1. Tia Will

        TBD

        it would be OK to have a 1,000 patients under your care eat food that may be contaminated with arsenic from Siberia if it had a chance of effecting 0, 1, or possibly 10 of your patients. In my viewpoint, there is no reason to take that risk when they can buy food at Safeway, Whole Foods, or the Davis Coop with a zero percent chance and track record of arsenic.”

        Obviously it would not be “OK” if they could buy food readily. But that is not the appropriate analogy. The analogous question for the refugees would be, would it be ethical for me to provide them with possibly contaminated food if their alternative was to starve ?  Now it looks quite humane to give them the “possibly contaminated” food. What those who oppose the refugees are continuously ignoring is that these are people whose lives are at stake, not those who are merely inconvenienced by not having a Whole Foods in their neighborhood.

        “Excluding innocents and non-innocents – who have a stated goal to infiltrate our nation – does make us safer. Look at the mess France and Belgium and dealing with right now, we’ve seen this coming for decades but PC prevented most from talking about it.”

        No, excluding non-innocents makes us safer. Excluding innocents makes us culpable in the harm being done to them. We are all responsible for our own actions. If we can save one, and choose not to our of fear, we have abandoned not only that individual, but our basic principles.

        “PC prevented most from talking about it.”

        And how exactly does “PC” prevent anyone from talking about anything ?

  4. tribeUSA

    TBD–good counterpoints to address the mainstream media & politico pro-immigrant barrage. They have the gall to call those who oppose unfettered immigration as cowards, bigots, xenophobes (a fancy college sophmore word to intimidate the college-educated classes; a sort of bludgeoning by socially unacceptable label), etc.; as though these are the only reasons that immigration is opposed. Instead of calling the pro-immigrant mainstream names; I am glad to see you take the conversation to a higher level by providing cogent reasons to excercise some restraint. Points 1 and 2 have been mainly ignored by the mainstream media–it seems to me we should only let in those immigrants with enough data so that in fact they can be thoroughly screened/vetted. I entirely agree with your point #4; and since the USA is does in fact bear partial responsibility for the plight of these immigrants through the policy of creating chaos and bloodshed in the middle east; which would inevitably breed more ill-will toward the USA and the west and more terrorists; I would say that, for those for whom too little information is available for vetting and for others whose safety is not compromised by remaining in the middle east region, the USA should help out with generous aid (and yes this will run into the many billions or tens of billions) to help them establish decent refugee camps in middle eastern countries–this should have been the huge diplomacy push long ago; and at least should get fired up to a major effort now.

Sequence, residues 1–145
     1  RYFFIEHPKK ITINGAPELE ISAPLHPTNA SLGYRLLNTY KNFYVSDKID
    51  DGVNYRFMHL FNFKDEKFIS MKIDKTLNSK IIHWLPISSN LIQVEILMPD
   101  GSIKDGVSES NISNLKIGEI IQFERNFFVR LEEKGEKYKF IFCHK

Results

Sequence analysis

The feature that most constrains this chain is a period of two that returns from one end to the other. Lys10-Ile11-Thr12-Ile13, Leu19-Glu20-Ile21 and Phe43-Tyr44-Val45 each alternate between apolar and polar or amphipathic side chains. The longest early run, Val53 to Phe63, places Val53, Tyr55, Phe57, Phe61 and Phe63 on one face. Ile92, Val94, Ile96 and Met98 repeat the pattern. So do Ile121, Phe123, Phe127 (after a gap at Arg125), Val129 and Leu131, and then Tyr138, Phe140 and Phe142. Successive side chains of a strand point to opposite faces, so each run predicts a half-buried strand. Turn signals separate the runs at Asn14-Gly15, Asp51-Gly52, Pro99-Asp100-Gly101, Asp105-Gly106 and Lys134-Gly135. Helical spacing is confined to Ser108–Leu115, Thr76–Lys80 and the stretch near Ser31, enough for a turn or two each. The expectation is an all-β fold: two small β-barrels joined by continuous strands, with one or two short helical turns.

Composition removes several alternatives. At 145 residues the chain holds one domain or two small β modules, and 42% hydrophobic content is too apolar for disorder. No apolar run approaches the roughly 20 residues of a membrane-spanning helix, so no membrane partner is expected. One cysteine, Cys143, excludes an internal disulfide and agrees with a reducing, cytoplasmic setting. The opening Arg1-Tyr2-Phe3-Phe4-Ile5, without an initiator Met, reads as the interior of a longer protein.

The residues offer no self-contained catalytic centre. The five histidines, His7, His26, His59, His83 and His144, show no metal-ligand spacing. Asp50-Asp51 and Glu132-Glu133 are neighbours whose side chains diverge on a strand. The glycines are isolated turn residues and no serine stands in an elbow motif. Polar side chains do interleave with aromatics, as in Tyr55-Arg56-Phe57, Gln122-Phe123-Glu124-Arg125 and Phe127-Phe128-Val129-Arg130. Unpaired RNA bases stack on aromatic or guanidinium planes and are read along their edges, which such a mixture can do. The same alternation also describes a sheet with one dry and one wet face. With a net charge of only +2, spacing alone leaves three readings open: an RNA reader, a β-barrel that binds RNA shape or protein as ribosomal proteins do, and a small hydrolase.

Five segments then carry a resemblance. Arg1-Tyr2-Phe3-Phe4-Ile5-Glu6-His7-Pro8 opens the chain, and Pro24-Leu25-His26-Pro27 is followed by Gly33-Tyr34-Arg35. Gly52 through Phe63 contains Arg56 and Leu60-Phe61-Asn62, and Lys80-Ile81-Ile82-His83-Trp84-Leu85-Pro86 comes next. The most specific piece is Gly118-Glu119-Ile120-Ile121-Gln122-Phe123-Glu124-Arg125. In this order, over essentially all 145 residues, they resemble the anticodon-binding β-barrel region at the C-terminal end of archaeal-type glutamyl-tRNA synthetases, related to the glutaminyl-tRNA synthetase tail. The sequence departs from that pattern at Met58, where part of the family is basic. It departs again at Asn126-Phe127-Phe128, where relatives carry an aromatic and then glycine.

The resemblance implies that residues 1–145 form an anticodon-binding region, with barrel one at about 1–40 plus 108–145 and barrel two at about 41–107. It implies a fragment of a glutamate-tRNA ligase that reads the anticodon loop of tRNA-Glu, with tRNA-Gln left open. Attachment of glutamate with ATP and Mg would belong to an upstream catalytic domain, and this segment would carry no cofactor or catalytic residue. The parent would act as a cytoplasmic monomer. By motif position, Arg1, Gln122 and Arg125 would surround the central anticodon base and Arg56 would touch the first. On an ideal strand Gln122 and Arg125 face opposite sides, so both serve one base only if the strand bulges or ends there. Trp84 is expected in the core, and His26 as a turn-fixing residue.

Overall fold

1. Don Shor

      As of September:
      https://www.washingtonpost.com/world/national-security/us-gives-419-million-more-to-aid-syrian-refugees/2015/09/21/7f0157c6-607e-11e5-8e9e-dce8a2a2a679_story.html

      The United States will give $419­ million more in humanitarian aid to assist Syrian refugees and the countries that are hosting them, administration officials said Monday.
      The new aid brings the total U.S. donation since the Syrian conflict began in 2011 to $4.5 billion, more than any other country.

  5. tribeUSA

    Don–good info.; this is good to see that US $ aid has indeed been substantial; seems it is likely that there will be an need for even more aid $ over the next few years.

    I’m not against accepting on the order of 10,000 or so Syrians for immigration to the USA; but only those for which there is enough reliable data so that they can indeed be thoroughly vetted/screened.